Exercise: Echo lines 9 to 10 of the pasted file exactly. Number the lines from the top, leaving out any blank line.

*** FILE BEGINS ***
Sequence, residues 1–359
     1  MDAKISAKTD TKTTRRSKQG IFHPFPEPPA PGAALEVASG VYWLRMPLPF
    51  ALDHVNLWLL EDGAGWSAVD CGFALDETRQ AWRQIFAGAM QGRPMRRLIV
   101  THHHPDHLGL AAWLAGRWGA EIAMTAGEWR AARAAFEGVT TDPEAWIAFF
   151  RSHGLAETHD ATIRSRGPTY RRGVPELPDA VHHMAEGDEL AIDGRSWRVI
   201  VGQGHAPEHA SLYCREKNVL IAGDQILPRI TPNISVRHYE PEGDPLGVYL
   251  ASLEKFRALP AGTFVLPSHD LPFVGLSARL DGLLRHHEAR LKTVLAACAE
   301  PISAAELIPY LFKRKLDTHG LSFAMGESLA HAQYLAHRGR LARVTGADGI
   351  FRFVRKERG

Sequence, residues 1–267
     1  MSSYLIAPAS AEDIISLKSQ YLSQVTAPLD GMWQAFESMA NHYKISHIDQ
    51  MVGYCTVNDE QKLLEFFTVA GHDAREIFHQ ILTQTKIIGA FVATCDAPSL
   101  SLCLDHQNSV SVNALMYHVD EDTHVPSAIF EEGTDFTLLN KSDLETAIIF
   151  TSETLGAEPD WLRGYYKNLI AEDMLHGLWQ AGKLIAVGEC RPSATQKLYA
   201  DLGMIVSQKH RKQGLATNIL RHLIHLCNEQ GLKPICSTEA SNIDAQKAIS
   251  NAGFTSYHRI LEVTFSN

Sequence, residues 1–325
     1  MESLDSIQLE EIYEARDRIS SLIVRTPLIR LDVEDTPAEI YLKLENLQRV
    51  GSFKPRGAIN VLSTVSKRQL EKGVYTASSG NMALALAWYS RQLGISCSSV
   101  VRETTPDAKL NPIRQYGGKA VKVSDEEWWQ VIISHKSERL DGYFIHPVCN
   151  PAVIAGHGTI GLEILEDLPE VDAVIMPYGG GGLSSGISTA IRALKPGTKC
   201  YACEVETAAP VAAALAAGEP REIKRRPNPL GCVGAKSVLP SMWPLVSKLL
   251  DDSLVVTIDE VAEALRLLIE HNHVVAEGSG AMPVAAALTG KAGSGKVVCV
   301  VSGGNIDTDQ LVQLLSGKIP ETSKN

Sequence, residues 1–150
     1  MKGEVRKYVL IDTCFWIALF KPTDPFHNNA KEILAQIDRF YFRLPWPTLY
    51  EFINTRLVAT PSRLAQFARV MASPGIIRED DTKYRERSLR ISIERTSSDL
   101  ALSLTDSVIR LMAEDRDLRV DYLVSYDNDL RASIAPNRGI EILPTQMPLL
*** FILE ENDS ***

   351  FRFVRKERG

Sequence, residues 1–267